Repentance and Leadership

It’s not a secret anymore, but it will remain a poignant lesson for years to come.

It was just after a rousing evening service in 2006 where the worship was powerful and the sermon was stirring. A pastor is accused of soliciting drugs, and for that and the allegation of homosexuality, he would soon be let go by the board. Ted Haggard of New Life Church lived a double life, and religious postures and eloquent words were not a substitute for unresolved inner inconsistencies. All during the wonderful worship and challenging sermons, something was out of place.

“Although they fast, I will not listen to their cry; though they offer burnt offerings and grain offerings, I will not accept them. Instead, I will destroy them …” (Jeremiah 14:12)

As leaders, we are good at leading services, emceeing programs, and making speeches that can motivate people. We can arrange activities for small groups, all night prayer meetings, and all congregational fasting. We put together mission programs and preach moving sermons, as the church would require.

But what does God require more than these? The prophet Micah in 6:8 tells us:

The LORD has told us what is good. What he requires of us is this: to do what is just, to show constant love, and to live in humble fellowship with our God.”

Who I am in the shadows rather than in the footlights is what God measures.

Israel and Judah had fallen away from God, and when God asked them to repent, they chose not to. After a refusal to repent, the next step is not going to be absolution. The next step is consequences; for Judah, it would extend over the nextseventy years. The defining moment of repentance either opens the door, or closes it, to God’s healing and restoration. Hudson Taylor, the great missionary to China, used to greet his friends with these words, “Have you repented yet today?”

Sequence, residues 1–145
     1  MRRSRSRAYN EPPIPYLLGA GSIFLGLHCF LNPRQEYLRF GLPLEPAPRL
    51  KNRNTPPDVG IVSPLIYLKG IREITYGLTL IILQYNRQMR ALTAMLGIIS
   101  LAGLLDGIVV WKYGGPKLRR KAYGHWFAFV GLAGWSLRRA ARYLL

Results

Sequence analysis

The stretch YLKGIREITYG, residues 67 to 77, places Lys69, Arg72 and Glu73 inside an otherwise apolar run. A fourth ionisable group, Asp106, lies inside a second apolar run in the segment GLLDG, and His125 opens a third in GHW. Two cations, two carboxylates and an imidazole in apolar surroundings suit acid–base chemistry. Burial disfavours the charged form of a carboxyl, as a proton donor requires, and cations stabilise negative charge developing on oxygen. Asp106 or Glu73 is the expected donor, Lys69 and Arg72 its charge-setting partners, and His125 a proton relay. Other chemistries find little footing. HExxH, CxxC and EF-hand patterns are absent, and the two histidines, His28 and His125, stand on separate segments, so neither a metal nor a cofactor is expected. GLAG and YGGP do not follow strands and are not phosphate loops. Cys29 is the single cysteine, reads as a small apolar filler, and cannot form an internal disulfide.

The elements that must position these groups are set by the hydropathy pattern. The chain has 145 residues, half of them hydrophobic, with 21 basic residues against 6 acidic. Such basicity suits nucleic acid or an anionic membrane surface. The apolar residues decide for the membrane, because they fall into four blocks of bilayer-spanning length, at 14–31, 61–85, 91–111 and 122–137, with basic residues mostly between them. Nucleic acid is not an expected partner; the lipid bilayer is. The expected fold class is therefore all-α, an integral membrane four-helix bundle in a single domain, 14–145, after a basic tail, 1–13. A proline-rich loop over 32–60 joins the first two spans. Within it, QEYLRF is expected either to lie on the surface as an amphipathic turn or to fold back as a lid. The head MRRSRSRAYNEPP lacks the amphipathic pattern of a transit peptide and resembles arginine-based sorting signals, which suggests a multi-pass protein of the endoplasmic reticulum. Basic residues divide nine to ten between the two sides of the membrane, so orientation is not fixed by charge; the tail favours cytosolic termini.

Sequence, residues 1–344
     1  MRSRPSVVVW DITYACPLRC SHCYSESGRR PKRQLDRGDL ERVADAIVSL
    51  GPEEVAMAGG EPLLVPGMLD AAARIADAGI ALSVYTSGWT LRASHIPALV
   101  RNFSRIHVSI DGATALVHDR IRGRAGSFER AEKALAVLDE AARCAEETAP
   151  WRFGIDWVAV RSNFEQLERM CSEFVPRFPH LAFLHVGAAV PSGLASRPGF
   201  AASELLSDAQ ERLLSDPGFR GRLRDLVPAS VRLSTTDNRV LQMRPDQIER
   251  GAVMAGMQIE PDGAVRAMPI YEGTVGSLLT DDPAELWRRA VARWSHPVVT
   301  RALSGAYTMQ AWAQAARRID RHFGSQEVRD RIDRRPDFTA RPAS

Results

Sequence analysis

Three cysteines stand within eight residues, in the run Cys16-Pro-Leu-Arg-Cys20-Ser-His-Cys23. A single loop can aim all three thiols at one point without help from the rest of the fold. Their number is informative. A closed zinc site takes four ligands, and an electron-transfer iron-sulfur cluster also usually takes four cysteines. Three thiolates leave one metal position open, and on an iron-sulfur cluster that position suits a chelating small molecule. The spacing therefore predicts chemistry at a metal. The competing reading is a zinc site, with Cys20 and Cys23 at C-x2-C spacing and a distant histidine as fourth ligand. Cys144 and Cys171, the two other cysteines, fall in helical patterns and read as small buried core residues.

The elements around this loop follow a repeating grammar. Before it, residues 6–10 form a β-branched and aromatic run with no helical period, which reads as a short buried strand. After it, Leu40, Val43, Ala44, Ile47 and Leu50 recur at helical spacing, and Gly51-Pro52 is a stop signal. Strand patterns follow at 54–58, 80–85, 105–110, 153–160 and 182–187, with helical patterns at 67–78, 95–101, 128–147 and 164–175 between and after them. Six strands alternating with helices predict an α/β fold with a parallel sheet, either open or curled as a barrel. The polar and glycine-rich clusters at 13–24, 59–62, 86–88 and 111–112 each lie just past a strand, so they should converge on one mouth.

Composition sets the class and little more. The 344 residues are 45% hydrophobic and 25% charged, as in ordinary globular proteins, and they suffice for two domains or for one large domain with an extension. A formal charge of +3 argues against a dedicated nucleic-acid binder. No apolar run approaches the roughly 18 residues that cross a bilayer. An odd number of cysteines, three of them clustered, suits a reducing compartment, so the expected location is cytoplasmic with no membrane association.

I guess he knew the power of repentance, for a repenting leader is a growing leader; a repenting church is a healthy church.

I have noticed that the leaders that God has used in mighty ways in the past have been adept in repentance! In Numbers 14:5, we find these words: Then Moses and Aaron fell on their faces in the presence of all the assembly of the congregation of the sons of Israel.” It seemed as if they were always the first ones to repent because they understood the power of repentance and that following repentance is always grace and wisdom. But with the refusal to repent, the next step is alwaysconsequence.

Genuine leaders are good at repentance!

We often have the wrong definition of repentance. We have been raised to believe that if we repent, it is a value statement meaning that we are weak. It makes us vulnerable and somehow we think it relegates us to the consolation bracket in ministry and life. Shame teaches us that humiliation before our peers has to be the worst thing in life. But in actuality, repentance is making the switch to realizing that looking good before God is far more important than looking good before people.

And let’s be reminded that the result of repentance is not looking bad in front of people. It is healing, restoration, and wisdom. However, the next step after a refusal to repent is consequences, and for Israel, it was seventy years of consequences in Babylon.

Allow me to repeat: “Repentance is making the switch of realizing that looking good before God is more important than looking good before people.”

This has to be one of the most crucial realizations I can make in my lifetime.

So, repentance is what I choose. I will be quick to repent. I will even practice it today. I am good at giving eloquent reasonings, but not as good at repentance. I need practice.

A Leader’s Prayer:

Dear Father,

How I stand before You is more important than how I stand before people. Thank you for helping me to lead others from a clear heart so that leading people is a natural result of following You.

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